There’s something about ACW that feels very generous, very teacherly to me. I asked Petrovich whether he liked any of his teachers growing up. In elementary school, he said, the kids had to vote for their favorite class. The girls voted music, the boys voted gym, and Dushko voted art. He had a stylish middle school art teacher named Paula Len, then a laconic chainsmoker named Peter Cooper — Coops, for short. Art Club met on Monday nights from six to nine.
These are the details that a person remembers when learning and reading and making work has got deep down into their soul at a young age. Usually teachers have some kind of memory like this, and Petrovich has always liked teaching. He started out at B.U. in the painting department. He likes to talk to other artists, to hear what young artists are doing.
I wondered, talking to Petrovich, what the relationship between his editorial and teacherly roles might be. He co-founded Paper Monument with fellow artist Roger White in 2007. White and Petrovich noticed that “there was a lot that was being left out between the academic art journals (October, Grey Room, etc) and the commercial art magazines (Artforum, Frieze, etc),” so they dreamed up a magazine that would instead focus on readers and writers, foremost.
A key goal of Paper Monument has been to elevate to the level of print issues that people around White and Petrovich were discussing: art world etiquette, art school assignments, and so on. The title Paper Monument, of course, telegraphed their “reluctance to keep up with the pace of digital publishing.” By Petrovich’s own admission, Paper Monument publishes “very periodically.” I liked that Petrovich admitted that Paper Monument now functions like a “kind of instant credential”: people know he made that magazine, and that it worked out.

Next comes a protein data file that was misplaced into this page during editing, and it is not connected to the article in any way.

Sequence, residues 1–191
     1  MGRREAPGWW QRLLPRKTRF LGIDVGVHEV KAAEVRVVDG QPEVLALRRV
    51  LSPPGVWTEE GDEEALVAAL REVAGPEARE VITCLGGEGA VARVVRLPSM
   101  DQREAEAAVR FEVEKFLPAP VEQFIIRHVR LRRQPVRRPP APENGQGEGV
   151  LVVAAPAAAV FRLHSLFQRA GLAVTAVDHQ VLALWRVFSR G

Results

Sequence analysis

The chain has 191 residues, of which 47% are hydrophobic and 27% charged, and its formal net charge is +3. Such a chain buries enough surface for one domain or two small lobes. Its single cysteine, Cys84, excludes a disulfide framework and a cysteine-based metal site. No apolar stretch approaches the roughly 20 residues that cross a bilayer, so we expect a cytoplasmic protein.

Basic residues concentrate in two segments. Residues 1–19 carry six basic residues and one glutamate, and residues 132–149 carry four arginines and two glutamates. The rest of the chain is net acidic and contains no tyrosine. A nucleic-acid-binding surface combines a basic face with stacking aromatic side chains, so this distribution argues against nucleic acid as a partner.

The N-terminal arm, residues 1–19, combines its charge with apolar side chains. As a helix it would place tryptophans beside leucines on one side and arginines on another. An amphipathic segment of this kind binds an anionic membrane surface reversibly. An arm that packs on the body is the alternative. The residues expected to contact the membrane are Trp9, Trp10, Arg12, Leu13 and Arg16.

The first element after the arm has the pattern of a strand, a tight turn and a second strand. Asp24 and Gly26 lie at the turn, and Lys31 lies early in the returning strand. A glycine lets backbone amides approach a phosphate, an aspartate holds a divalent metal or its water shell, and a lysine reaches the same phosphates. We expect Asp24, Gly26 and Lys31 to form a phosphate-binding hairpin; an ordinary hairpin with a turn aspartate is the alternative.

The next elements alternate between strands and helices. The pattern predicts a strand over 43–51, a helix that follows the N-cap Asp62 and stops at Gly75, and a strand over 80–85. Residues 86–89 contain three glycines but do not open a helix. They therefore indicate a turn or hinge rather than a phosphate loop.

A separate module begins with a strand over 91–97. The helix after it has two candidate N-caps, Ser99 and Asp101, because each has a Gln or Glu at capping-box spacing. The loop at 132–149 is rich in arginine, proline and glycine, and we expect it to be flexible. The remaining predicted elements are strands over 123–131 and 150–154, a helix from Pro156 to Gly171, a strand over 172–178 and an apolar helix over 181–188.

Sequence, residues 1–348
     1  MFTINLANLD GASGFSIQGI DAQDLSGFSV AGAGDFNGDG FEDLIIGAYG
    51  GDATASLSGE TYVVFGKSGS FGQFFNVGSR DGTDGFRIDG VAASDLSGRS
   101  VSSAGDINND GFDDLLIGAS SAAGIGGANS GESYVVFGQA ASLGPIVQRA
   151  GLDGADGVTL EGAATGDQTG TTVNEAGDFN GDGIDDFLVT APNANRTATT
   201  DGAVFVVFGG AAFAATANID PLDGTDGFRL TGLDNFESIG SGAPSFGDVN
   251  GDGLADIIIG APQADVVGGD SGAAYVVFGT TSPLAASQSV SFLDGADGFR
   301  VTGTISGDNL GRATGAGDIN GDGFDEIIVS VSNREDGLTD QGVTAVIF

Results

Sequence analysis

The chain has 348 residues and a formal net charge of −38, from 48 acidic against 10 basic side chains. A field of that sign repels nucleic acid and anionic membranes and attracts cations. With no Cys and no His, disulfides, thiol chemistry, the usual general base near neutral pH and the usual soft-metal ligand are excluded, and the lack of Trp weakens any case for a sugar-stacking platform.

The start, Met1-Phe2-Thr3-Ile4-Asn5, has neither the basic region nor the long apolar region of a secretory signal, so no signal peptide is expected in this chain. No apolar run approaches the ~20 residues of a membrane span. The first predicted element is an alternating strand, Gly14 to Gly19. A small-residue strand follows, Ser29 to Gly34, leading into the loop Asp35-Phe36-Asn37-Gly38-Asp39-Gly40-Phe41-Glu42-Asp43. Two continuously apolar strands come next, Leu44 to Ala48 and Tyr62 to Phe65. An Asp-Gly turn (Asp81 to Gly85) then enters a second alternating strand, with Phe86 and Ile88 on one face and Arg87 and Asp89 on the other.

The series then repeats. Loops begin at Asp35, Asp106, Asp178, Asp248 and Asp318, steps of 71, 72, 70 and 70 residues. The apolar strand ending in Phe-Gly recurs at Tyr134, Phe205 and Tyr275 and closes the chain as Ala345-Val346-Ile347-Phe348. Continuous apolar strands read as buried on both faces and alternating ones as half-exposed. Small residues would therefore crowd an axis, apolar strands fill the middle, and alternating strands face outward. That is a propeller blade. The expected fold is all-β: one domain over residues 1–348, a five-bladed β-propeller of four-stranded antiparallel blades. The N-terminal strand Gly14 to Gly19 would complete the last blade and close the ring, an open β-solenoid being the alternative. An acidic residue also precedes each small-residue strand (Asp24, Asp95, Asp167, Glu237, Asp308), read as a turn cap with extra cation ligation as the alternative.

Petrovich’s new job at the School of the Art Institute of Chicago is in a graduate program called New Arts Journalism, and it will be a longterm home for the itinerant Petrovich. And his wife, Magdalena Moskalewicz, will be teaching in the Art History Department at SAIC. I often can’t help but resent people who get tenure-track jobs — it just sneaks up on me, although I feel a little bad about it. But I’m happy for Petrovich, because he has helped and taught and edited many people, and Adjunct Commuter Weekly became a project that I could cling to in a time when I needed it quite badly. Projects like that one become solidarity touchstones, and I’m grateful for it.
My ACW tote bag is almost worn completely through. I’ve poked holes in it with errant pencils, and torn one of the straps. But I’ll keep lugging it across town, heaving on and off my shoulder on the L train until the thing falls apart completely: that’s what adjunct commuters do.
Josephine Livingstone is a writer and academic in New York.